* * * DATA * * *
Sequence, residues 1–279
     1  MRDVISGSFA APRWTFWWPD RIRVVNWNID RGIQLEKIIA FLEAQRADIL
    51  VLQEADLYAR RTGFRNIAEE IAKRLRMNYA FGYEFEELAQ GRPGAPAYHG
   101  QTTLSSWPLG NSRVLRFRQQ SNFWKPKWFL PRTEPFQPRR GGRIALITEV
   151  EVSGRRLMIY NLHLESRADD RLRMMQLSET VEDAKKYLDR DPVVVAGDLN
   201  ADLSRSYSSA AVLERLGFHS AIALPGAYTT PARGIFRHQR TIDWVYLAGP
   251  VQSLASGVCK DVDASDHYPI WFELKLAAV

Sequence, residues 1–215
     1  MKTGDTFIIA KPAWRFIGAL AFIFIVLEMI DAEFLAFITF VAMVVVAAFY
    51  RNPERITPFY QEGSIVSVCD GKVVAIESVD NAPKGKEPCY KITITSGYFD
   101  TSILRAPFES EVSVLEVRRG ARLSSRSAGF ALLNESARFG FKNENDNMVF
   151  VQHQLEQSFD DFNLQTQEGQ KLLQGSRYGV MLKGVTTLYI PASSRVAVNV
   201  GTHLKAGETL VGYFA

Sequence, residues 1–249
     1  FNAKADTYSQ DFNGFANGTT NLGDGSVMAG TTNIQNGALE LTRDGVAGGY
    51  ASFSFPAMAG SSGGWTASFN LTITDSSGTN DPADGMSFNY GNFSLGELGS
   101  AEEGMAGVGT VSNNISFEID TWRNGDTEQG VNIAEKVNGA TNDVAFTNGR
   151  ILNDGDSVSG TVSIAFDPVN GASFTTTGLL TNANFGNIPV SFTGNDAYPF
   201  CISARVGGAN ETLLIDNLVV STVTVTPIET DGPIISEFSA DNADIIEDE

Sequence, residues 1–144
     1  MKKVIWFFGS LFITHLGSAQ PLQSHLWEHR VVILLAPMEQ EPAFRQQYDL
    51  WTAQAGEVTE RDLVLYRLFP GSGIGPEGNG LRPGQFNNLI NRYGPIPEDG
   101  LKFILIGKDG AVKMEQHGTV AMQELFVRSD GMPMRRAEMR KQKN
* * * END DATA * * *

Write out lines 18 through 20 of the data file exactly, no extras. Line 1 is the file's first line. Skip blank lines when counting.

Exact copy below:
   151  ILNDGDSVSG TVSIAFDPVN GASFTTTGLL TNANFGNIPV SFTGNDAYPF
   201  CISARVGGAN ETLLIDNLVV STVTVTPIET DGPIISEFSA DNADIIEDE

Sequence, residues 1–144